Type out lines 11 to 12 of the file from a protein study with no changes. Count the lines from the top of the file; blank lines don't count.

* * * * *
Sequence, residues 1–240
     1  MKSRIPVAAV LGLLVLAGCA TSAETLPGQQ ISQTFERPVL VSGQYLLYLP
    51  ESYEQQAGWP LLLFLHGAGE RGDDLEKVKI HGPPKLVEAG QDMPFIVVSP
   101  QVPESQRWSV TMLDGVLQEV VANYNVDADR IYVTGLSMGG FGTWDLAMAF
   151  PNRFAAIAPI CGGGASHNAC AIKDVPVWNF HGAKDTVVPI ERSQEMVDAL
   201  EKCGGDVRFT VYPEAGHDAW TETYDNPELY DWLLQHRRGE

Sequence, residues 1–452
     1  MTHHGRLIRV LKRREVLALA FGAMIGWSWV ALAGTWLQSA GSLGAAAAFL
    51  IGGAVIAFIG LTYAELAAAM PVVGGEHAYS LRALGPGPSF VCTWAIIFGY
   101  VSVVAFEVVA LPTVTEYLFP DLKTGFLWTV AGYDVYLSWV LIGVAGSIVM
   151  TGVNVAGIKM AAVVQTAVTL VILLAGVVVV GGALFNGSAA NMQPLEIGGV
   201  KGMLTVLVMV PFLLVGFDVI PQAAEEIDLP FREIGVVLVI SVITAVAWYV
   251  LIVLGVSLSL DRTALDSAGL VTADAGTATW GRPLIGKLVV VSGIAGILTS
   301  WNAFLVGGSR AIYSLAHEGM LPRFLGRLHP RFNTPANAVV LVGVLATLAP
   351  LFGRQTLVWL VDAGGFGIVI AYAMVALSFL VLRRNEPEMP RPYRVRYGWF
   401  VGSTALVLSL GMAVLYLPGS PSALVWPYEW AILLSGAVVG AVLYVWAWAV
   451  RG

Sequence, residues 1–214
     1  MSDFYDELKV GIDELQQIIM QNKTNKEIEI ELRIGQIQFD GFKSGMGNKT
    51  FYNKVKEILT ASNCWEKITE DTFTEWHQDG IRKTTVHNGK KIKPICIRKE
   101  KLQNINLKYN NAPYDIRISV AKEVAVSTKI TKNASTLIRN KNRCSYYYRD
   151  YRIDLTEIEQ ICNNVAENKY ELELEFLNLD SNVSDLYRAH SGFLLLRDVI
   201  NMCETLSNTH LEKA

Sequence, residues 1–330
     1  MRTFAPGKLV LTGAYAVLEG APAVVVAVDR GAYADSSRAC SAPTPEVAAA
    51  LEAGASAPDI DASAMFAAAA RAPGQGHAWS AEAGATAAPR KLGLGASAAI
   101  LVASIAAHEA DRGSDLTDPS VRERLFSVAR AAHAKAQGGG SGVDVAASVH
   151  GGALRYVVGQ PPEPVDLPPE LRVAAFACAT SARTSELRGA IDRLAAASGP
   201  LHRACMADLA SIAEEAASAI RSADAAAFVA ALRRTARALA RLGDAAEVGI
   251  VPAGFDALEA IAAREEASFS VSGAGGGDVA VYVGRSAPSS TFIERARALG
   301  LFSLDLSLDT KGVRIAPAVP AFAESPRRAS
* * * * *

   151  TGVNVAGIKM AAVVQTAVTL VILLAGVVVV GGALFNGSAA NMQPLEIGGV
   201  KGMLTVLVMV PFLLVGFDVI PQAAEEIDLP FREIGVVLVI SVITAVAWYV